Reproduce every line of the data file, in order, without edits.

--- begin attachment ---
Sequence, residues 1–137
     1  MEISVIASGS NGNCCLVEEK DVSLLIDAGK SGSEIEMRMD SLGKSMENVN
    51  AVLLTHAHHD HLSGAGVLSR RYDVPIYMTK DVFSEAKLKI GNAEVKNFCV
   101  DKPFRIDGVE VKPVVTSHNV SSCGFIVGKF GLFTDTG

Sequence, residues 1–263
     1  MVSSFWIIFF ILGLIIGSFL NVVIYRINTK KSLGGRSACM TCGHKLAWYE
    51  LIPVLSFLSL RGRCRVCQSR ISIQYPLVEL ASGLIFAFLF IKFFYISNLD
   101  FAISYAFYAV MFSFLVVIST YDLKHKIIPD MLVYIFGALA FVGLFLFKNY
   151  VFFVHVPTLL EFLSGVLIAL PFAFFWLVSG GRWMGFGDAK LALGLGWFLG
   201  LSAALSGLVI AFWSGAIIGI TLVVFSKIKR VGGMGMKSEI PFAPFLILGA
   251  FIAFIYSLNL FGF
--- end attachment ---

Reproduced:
Sequence, residues 1–137
     1  MEISVIASGS NGNCCLVEEK DVSLLIDAGK SGSEIEMRMD SLGKSMENVN
    51  AVLLTHAHHD HLSGAGVLSR RYDVPIYMTK DVFSEAKLKI GNAEVKNFCV
   101  DKPFRIDGVE VKPVVTSHNV SSCGFIVGKF GLFTDTG

Sequence, residues 1–263
     1  MVSSFWIIFF ILGLIIGSFL NVVIYRINTK KSLGGRSACM TCGHKLAWYE
    51  LIPVLSFLSL RGRCRVCQSR ISIQYPLVEL ASGLIFAFLF IKFFYISNLD
   101  FAISYAFYAV MFSFLVVIST YDLKHKIIPD MLVYIFGALA FVGLFLFKNY
   151  VFFVHVPTLL EFLSGVLIAL PFAFFWLVSG GRWMGFGDAK LALGLGWFLG
   201  LSAALSGLVI AFWSGAIIGI TLVVFSKIKR VGGMGMKSEI PFAPFLILGA
   251  FIAFIYSLNL FGF